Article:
From Visiting 1250-YO Flame To Feasting With Family, All About Navroz Traditions From Around The World

Explore the rich cultural tapestry of this springtime celebration.

by Mallika Khurana
From Visiting 1250-YO Flame To Feasting With Family, All About Navroz Traditions From Around The World

Navroz, also known as Nowruz or Persian New Year, is a vibrant and ancient festival celebrated by millions of people around the world, particularly in Iran, Central Asia, and various other regions with Persian cultural influence. The word “Navroz” translates to “new day” in Persian, symbolising the beginning of the Persian calendar year and the arrival of spring. Curious about the traditions of this vibrant festival? Here’s all about it!

But First, Why Is It Celebrated?

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Photo Credits: Canva

Navroz marks the vernal equinox, typically falling on or around March 21st. This year, it’s falling on March 20th, marking the end of the dark and cold winter months and the arrival of warmer weather, blossoming flowers, and the renewal of life. It holds profound cultural, historical, and religious significance for various communities, particularly those of Persian and Zoroastrian heritage. The roots of Navroz can be traced back over 3,000 years to ancient Persia, where it was celebrated as a Zoroastrian festival. The festival symbolises the triumph of light over darkness and the victory of good over evil.

Also Read: Navroz 2024: 8 Authentic Recipes To Bring The Spirit Of Parsi New Year To Your Table!

Navroz Traditions From Around The World

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Photo Credits: Wikimedia Commons

Navroz is a time of joy, renewal, and family gatherings. It is celebrated with a rich tapestry of traditions and customs that vary across different regions but share common themes of purification, feasting, and merriment. Some of the key traditions include:

The Haft-Seen Table

A central feature of Navroz celebrations is the Haft-Seen table, a colourful display adorned with seven symbolic items, each starting with the Persian letter “seen”. These items typically include sprouted wheat or lentils, apples, garlic, sumac, vinegar, dried fruits, and sweet pudding. Each item represents a different aspect of life, such as rebirth, health, and prosperity.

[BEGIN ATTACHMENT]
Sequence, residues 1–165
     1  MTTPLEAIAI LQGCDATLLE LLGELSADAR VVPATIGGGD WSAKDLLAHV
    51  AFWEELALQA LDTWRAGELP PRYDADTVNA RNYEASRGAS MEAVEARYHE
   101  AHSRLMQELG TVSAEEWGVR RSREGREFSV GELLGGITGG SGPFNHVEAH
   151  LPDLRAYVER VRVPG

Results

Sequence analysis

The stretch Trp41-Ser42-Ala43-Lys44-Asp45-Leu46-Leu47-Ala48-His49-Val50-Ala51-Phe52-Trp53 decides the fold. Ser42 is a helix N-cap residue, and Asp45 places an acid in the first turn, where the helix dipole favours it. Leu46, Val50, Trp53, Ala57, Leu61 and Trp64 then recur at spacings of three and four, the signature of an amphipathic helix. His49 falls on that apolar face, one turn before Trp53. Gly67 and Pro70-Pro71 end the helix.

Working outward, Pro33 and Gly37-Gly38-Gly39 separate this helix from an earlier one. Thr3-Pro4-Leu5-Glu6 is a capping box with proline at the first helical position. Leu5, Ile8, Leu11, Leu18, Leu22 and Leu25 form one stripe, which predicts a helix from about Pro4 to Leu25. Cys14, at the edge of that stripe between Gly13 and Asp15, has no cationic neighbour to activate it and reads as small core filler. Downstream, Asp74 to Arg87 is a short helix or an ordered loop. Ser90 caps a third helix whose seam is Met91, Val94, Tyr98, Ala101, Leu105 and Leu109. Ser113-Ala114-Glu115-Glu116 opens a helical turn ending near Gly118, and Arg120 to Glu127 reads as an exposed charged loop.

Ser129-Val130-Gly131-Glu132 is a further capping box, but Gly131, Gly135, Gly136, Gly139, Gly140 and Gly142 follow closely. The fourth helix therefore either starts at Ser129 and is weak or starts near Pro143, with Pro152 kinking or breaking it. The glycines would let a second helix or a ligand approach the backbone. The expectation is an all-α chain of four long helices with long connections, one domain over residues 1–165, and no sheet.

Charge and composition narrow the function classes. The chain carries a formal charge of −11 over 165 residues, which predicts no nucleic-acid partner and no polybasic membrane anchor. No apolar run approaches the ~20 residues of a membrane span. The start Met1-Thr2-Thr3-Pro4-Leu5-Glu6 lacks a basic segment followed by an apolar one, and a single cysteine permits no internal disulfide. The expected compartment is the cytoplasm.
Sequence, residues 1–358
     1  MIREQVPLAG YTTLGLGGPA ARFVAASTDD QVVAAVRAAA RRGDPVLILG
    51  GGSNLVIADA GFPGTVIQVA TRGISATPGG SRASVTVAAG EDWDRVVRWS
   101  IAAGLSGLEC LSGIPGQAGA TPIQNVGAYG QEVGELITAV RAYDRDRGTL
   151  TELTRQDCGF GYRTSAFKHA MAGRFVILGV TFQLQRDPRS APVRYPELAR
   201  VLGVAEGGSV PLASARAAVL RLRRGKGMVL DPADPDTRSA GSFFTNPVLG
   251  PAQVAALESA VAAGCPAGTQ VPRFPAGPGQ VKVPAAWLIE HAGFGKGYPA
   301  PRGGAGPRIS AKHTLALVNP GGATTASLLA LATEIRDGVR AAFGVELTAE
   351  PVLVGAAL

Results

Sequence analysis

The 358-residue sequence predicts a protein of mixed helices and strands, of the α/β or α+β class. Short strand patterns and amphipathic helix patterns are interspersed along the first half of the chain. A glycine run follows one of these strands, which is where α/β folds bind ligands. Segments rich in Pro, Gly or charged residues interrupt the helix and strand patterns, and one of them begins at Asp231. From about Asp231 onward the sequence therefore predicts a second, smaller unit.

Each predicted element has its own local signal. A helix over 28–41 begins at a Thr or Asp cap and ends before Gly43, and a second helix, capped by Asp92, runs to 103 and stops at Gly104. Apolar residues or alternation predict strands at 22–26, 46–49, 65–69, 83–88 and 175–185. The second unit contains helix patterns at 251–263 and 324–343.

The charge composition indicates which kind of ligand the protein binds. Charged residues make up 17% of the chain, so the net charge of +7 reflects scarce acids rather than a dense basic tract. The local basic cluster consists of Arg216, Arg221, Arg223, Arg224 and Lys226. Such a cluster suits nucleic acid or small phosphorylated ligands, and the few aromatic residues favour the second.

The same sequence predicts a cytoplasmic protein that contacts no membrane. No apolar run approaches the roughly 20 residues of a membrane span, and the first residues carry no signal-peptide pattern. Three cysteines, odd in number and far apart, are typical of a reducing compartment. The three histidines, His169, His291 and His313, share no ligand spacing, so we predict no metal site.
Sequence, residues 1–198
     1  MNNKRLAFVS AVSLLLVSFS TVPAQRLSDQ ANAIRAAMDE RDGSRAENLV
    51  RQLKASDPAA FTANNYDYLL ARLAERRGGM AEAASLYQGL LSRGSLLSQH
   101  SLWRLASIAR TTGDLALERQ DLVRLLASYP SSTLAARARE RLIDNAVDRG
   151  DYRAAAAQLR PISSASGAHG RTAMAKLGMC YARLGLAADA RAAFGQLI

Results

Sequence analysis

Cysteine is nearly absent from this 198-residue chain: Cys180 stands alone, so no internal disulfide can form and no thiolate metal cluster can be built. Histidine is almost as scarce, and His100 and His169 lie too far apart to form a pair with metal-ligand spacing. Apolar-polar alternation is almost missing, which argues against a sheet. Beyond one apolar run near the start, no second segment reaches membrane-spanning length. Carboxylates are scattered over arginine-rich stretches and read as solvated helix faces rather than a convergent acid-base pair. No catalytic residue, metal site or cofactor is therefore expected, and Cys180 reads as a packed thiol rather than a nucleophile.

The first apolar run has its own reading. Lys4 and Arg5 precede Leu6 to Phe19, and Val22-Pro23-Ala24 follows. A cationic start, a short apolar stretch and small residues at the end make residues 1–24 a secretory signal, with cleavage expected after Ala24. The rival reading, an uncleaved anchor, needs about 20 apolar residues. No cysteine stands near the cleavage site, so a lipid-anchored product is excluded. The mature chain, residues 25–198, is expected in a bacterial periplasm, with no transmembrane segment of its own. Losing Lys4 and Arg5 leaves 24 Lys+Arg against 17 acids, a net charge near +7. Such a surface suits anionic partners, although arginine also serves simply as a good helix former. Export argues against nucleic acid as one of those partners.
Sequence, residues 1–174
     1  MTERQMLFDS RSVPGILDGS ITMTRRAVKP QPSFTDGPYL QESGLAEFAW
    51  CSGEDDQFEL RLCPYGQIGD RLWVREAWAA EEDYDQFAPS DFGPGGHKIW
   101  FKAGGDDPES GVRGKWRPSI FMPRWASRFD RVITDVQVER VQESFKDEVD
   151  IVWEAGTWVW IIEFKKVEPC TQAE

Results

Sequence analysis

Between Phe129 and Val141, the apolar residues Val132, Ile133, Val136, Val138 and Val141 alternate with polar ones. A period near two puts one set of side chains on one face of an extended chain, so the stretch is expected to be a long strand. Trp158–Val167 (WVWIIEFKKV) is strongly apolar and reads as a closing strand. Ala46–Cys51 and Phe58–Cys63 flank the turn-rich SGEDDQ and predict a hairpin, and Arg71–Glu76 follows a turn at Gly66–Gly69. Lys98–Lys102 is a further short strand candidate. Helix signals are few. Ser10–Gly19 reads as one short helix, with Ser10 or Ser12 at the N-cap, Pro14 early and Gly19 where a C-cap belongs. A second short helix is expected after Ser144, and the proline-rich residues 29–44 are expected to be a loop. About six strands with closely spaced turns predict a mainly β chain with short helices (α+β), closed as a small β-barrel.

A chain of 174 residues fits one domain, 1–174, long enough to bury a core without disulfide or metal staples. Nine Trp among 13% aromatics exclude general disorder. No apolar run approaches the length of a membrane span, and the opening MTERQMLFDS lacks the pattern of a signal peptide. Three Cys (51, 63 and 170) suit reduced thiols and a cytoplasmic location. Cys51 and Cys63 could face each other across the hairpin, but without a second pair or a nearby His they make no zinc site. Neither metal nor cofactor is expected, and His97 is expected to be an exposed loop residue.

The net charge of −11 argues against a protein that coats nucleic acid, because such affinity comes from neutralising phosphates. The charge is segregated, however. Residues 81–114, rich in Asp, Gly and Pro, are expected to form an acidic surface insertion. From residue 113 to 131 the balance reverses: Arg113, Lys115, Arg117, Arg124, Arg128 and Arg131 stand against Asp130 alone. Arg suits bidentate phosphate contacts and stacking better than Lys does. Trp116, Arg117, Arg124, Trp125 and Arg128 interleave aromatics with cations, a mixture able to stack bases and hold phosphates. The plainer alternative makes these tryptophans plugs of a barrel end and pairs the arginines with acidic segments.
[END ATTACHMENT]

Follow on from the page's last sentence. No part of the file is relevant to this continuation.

Spring Cleaning

Before Navroz, families engage in a thorough spring cleaning of their homes, symbolising the removal of negative energy and the preparation for a fresh start in the new year.

Chaharshanbe Suri

In Iran, on the eve of Navroz, people gather around bonfires in parks and streets to celebrate Chaharshanbe Suri or the Festival of Fire. They jump over the flames while reciting a traditional rhyme to cleanse themselves of sickness and misfortune and to bring health and happiness in the new year.

Pilgrimage To The Eternal Flame

In India, particularly in the coastal town of Udvada, Parsis, who are followers of Zoroastrianism, have a unique tradition associated with Navroz. They make a pilgrimage to the Zoroastrian Atash Behram, also known as the holy fire, which has been burning continuously for over 1250 years. 

The Jashan Festivities

The Parsi community gathers at the Fire Temple after breakfast. Here, they participate in a special prayer ceremony called Jashan, during which they express gratitude to Ahura Mazda (the Lord), seek His blessings for prosperity, and ask for forgiveness for any shortcomings. During the Jashan ceremony, various offerings such as milk, water, fruits, flowers, and sandalwood are ceremoniously placed into the sacred fire.

Visiting Family And Friends

Navroz is a time for families and friends to come together, exchange gifts, and share festive meals. People dress in new clothes, visit loved ones, and offer prayers for blessings and prosperity in the coming year.

Feasting

Food plays a central role in Navroz celebrations, with families preparing elaborate feasts featuring traditional dishes and various sweets and desserts.

Gift Giving

Exchanging gifts, particularly with children, is a common Navroz tradition symbolising love, generosity, and good fortune.

Navroz is a joyous celebration of life, nature, and cultural heritage, uniting people across different backgrounds.

Cover Image Courtesy: Canva

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